wax around the can was to "hold" the can from the
inside (fingers pressed up along the inside walls of

the can) and roll it around in my melting pot into
the whipped wax, working my way around the
can until it is completely covered. It's best to

do this with some newspaper or a large try
under the pot, as when you take it out, there
may be some wax droppings. Also, have an
old plate or pie pan ready so you can immediately
set it down somewhere safe.

Then, simply start "plopping" or "blobbing"
the wax onto the sides of the can with a fork
until it looks like this ...

After this has slightly hardened, you can trim
the sides
by sliding a knife along the edges of
the can to remove the excess wax, remove the
can from the plate by putting your fingers *inside*
the can (do not hold from the outside,
as it will flatten your grubby work) ...
also you may need to slip a knife edge under
the can to remove it from the plate ... set it

down for a minute, put excess wax from
the plate back into your melting pot and place
the can back on the plate so you can do a bit of
over-pouring to make the finish "drippy" and smooth.
Secure your wick into the bottom of the can.

To over-pour, melt some wax and lightly

pour around the edges of the can, allowing
some wax to spill or splash onto the sides ...

Hopefully, you still have some wax left over,
as this can be used to line the inside (sides) of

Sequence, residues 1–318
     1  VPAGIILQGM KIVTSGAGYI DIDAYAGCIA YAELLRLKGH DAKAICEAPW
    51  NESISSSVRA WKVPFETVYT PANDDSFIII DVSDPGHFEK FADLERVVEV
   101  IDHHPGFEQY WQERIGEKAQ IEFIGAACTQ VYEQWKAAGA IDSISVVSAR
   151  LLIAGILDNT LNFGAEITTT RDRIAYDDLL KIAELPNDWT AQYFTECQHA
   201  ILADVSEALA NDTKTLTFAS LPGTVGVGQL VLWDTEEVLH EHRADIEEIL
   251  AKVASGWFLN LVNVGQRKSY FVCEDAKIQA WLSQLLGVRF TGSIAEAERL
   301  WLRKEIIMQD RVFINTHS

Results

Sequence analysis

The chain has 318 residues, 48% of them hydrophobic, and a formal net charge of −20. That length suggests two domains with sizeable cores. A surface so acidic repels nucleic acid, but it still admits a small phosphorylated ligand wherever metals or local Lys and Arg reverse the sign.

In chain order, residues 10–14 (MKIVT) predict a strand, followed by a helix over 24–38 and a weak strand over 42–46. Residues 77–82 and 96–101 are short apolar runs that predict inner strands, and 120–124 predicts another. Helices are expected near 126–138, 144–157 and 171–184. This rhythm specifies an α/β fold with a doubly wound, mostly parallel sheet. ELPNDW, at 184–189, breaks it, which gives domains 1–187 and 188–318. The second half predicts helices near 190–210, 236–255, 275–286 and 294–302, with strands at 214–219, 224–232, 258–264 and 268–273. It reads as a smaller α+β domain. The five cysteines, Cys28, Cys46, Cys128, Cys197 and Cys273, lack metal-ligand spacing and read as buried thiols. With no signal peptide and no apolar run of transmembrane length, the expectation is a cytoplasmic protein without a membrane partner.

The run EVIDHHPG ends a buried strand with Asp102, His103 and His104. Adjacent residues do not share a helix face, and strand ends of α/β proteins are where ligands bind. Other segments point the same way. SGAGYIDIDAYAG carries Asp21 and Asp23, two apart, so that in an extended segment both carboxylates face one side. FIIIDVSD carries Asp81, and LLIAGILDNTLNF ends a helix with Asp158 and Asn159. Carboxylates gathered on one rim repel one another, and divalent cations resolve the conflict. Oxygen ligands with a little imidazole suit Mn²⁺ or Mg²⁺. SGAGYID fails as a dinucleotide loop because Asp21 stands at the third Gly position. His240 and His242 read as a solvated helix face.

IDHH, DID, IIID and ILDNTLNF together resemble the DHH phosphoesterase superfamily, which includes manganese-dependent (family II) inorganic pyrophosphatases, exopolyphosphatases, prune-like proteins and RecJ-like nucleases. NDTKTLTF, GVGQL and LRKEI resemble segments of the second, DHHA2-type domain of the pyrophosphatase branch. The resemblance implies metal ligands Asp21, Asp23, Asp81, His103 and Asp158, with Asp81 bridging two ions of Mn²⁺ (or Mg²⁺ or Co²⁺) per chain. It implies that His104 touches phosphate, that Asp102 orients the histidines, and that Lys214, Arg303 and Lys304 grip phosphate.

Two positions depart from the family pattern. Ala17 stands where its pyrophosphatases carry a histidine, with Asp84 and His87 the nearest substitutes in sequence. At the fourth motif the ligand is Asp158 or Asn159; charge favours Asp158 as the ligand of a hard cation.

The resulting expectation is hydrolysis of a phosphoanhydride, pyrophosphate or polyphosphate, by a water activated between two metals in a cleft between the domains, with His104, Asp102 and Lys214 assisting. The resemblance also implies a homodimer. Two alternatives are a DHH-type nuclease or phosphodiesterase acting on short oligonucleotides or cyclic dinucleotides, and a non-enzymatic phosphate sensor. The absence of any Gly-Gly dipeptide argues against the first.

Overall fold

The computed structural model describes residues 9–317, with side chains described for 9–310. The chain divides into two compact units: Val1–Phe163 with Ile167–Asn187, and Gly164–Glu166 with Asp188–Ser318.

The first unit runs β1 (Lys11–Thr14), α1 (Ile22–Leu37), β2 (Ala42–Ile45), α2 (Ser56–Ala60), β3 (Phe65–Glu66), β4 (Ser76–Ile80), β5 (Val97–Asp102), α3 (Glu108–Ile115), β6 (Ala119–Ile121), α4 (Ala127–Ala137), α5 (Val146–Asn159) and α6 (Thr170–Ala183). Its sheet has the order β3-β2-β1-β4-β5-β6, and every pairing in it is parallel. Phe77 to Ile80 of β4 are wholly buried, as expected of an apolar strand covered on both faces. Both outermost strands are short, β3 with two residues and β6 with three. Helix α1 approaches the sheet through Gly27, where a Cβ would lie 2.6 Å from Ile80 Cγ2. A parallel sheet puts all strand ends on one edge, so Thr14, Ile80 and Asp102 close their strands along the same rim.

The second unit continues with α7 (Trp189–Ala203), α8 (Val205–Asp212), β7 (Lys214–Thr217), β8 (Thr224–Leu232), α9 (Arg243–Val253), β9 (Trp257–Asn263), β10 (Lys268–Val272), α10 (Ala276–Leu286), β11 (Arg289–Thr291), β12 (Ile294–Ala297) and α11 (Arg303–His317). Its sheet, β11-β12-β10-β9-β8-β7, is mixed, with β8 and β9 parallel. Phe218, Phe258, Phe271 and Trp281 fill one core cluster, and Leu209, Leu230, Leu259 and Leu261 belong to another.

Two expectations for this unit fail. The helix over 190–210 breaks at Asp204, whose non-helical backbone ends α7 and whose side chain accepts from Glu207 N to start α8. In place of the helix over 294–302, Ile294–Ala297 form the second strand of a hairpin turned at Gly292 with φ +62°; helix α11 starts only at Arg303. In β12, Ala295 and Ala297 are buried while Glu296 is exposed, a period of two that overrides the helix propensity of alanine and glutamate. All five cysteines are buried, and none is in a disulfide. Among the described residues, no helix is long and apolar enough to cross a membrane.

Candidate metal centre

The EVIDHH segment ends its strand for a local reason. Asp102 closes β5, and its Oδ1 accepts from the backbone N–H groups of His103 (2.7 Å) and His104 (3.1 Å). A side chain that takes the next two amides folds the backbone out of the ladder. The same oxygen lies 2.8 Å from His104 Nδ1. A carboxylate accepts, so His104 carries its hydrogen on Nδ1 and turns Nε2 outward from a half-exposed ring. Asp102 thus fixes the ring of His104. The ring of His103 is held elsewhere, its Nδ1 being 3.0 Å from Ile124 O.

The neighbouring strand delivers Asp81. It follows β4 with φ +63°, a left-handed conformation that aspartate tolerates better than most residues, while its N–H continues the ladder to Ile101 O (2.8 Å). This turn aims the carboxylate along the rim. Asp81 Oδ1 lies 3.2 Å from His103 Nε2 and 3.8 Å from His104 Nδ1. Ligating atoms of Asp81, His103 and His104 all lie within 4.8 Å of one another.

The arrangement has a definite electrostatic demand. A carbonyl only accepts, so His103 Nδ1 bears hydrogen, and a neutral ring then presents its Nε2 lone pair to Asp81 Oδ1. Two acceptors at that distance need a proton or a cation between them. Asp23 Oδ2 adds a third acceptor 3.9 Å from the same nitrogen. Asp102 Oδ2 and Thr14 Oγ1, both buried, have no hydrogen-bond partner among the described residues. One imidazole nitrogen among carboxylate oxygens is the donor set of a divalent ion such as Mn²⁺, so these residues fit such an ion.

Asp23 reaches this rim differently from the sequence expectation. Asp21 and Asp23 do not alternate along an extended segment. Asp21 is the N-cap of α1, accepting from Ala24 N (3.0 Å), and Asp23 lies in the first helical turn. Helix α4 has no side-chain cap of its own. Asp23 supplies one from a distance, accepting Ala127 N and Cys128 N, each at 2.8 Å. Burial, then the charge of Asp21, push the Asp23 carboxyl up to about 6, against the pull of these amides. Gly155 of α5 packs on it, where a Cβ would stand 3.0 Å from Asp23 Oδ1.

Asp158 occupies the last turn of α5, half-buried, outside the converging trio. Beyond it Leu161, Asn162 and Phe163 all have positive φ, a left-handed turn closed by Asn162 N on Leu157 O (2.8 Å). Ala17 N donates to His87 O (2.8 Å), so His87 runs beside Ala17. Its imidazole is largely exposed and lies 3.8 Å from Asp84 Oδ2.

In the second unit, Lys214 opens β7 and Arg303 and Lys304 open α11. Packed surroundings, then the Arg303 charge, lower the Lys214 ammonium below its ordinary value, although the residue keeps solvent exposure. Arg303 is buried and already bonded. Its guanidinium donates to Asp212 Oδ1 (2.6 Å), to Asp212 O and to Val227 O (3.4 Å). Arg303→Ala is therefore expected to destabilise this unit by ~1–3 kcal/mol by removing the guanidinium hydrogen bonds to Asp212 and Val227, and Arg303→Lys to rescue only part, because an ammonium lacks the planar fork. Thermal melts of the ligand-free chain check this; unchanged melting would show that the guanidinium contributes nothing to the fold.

the can with wax ... I did this with slightly
cooled spillover wax, but you can purposely
pour a bit of wax into a small plate or tray and
when it's pliable, take some strips and secure
them into the inside of the can along the sides.
This gives a smooth looking finish around the

inside top edge ... just a bit of detail work.

At this point, the candle container
looks something like this ...

After removing the waxed can from the plate,
you may find that some wax has accumulated on

the bottom of the can. This can be mended with
a flat-edged knife ... simply scrape the wax off
the bottom until it's smooth, being careful along
the sides so the can will sit level ... in other words,
do not remove too much on one side or the other.

For the candle part, I used soy flakes ... sorry,

I did not weigh them, but the amount of
flakes I used
took up about two and a half
to three times the
volume of the inside of
the can (filled with flakes). If you find

that you didn't melt enough, melt a bit more
and add it before your wax starts to cool.

This completes my grubby heart candle!

Coming up ... "Version 2" ... similar design
with a slightly different technique!

Note: This type of candle should be placed on a
protected surface even when it is not burning,
as scented oils can damage finishes.

Candied Fruit Toppings Candle

Candied fruit candles are fairly easy to
make thanks to candle gel. Your candle
can be made with wax, with a wax icing
and gel fruit pieces on top, or, if
preferred, gel pieces can also be
incorporated within the body of the
candle for more color while burning.


It used to be that if you wanted to make
a candle that looked like it had toppings,
such as a dessert or sundae candle, that
the toppings would solely be created
with wax ... this works well for nuts,
dried fruit, cake frosting or icing, but
not as well for jellied candies or fruit
pieces. To make the wax pieces a
bit more shiny, mineral oil could
be rubbed on the pieces or icing,